Understanding Catcher Signals to Pitchers and Fielders
A major part of any baseball team’s success depends on how well they communicate on the field without actually giving away what they’re saying. Most of this silent communication comes from the catcher. As the player behind the plate, the catcher has the unique ability to see the entire field. This means a good catcher can give signals to a pitcher, indicating which pitch to throw and where to throw it. Good catcher-pitcher chemistry is often the winning combo a team needs to walk off the field victors.
In this article we’ll dive into catchers’ signs and the importance of silent communication on the field. We’ll cover things like:
- What are Catcher Signals?
- Catcher-Pitcher Signs (by pitch type)
- Catcher-Pitcher Signs (by pitch location)
- Catcher-Pitcher Signal Chart
- Alternative Methods to Calling Signs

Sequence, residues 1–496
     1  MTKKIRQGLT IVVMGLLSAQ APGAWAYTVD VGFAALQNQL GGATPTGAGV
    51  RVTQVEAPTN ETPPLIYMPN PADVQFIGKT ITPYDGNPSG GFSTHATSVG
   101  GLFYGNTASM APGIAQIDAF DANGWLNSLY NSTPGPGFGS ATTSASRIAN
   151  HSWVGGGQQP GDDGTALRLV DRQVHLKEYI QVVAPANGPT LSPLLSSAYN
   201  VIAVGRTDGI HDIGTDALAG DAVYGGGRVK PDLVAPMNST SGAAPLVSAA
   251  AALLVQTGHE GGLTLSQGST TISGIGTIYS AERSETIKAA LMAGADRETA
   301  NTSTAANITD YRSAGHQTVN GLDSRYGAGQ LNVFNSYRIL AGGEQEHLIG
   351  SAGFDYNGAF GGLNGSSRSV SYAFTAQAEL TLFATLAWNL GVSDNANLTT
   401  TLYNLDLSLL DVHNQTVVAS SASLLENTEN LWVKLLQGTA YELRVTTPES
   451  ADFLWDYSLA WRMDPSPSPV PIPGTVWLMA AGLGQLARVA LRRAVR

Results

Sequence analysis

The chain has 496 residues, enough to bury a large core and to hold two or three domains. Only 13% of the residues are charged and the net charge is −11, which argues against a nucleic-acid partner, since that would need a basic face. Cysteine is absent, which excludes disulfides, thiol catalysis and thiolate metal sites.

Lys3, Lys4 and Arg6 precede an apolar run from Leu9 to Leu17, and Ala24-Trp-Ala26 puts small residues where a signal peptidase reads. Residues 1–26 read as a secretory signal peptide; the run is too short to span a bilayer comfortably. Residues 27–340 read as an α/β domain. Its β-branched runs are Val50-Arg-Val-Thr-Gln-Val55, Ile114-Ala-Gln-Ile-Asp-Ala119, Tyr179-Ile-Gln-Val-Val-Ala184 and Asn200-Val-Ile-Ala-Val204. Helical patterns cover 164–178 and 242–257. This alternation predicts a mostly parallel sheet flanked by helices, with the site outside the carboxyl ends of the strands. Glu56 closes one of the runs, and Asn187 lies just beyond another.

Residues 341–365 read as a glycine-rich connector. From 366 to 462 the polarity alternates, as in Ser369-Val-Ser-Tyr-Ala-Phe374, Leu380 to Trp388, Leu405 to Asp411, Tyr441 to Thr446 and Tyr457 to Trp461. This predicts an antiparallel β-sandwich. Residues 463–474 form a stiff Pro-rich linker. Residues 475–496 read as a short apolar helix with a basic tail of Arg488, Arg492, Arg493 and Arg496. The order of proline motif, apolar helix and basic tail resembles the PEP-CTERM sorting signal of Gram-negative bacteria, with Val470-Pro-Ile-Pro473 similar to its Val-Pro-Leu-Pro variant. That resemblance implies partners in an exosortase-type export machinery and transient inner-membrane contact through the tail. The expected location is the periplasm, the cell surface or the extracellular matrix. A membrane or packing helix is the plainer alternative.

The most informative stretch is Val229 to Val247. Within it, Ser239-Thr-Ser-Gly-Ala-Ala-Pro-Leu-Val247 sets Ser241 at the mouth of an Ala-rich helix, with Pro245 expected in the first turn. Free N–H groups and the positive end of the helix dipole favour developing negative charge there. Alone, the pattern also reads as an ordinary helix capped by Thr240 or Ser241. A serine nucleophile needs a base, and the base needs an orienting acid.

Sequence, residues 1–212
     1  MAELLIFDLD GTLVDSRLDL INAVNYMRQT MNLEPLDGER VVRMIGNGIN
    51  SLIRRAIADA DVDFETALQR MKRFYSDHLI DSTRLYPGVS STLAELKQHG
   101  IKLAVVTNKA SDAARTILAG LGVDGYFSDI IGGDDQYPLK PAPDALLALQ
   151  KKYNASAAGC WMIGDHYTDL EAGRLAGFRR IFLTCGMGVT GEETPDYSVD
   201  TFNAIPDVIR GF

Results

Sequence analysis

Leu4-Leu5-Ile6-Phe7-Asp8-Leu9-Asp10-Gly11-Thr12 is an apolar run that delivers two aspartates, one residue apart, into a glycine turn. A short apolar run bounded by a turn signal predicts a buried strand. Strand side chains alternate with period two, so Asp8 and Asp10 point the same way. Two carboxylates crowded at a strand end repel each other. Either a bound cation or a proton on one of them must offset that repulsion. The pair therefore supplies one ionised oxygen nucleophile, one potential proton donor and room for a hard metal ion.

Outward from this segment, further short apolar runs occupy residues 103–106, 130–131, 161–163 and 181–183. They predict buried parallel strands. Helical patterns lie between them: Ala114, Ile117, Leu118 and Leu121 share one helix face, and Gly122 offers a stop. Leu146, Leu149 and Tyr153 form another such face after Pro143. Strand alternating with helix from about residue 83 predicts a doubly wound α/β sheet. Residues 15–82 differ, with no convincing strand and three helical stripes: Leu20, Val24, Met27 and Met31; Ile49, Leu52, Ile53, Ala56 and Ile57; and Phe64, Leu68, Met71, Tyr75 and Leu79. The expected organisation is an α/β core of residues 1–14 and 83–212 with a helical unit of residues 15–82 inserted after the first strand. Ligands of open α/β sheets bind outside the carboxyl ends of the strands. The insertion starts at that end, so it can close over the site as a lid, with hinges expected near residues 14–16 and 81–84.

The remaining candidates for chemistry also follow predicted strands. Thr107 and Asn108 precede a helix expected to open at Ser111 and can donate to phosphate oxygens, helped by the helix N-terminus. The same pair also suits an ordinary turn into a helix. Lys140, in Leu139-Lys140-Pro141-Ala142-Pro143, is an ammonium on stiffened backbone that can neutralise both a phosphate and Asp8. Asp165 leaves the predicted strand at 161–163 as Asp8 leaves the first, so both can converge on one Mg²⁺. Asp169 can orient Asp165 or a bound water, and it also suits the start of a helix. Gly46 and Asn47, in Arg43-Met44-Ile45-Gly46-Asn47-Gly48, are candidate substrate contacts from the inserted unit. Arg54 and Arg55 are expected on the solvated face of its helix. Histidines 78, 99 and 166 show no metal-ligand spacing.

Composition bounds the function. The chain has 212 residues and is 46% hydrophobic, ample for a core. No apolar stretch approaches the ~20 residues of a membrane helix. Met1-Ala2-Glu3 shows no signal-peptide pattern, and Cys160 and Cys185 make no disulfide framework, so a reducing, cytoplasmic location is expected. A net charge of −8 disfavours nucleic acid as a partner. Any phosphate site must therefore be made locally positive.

- Changing Signs with a Runner on 2nd
- Other Catcher Signals
- Tips for Catcher Signals
What are Catcher Signals?
As Hall of Fame catcher Yogi Berra once famously said, “Baseball is 90 percent mental and the other half is physical.” Known for “Yogi-isms” like this one, Berra was really on point here. He means that a lot of thought goes into playing baseball. And he’s right. But it’s possible that no one thinks more than the catcher. Before every pitch, while crouching, the catcher will quickly assess the player at bat, the location of any players on base, the inning, the score and who the next batter up will be, then lower his or her right hand between the thighs and show any number of fingers so only the pitcher can see. It’s this simple, quick motion that tells the pitcher what to do next. This form of communication, sent as pitch signals, is imperative to every pitch in a game.
Catcher-Pitcher Signs (by pitch type)